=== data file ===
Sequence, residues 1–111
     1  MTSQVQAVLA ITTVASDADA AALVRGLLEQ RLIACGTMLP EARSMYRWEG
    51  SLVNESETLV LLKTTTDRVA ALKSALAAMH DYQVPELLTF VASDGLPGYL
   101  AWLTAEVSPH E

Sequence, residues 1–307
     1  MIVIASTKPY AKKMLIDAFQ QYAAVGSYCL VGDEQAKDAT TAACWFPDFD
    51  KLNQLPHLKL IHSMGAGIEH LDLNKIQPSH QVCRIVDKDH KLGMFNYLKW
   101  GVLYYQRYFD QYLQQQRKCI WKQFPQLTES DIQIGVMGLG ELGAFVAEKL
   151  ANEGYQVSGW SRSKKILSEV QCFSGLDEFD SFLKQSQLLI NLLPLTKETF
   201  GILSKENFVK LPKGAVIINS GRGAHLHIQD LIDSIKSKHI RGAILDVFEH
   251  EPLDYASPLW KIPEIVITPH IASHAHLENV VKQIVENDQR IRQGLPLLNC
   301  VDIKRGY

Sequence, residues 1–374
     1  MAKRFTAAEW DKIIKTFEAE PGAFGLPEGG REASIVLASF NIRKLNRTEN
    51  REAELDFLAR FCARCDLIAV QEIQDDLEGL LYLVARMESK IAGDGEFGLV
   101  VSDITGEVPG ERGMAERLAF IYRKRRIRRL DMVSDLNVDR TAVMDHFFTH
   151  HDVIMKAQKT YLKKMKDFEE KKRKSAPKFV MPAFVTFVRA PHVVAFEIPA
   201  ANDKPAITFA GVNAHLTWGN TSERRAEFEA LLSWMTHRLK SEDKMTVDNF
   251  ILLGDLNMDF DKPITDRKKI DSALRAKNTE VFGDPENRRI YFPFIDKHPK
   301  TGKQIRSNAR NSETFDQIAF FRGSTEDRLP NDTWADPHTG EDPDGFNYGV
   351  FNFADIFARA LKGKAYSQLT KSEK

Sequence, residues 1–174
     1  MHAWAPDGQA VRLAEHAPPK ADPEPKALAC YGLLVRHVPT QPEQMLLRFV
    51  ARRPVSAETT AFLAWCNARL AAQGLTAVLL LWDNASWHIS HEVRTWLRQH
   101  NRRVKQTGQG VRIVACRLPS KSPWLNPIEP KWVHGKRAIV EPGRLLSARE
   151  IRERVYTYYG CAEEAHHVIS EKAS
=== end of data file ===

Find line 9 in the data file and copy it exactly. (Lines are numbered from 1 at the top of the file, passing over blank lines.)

   151  ANEGYQVSGW SRSKKILSEV QCFSGLDEFD SFLKQSQLLI NLLPLTKETF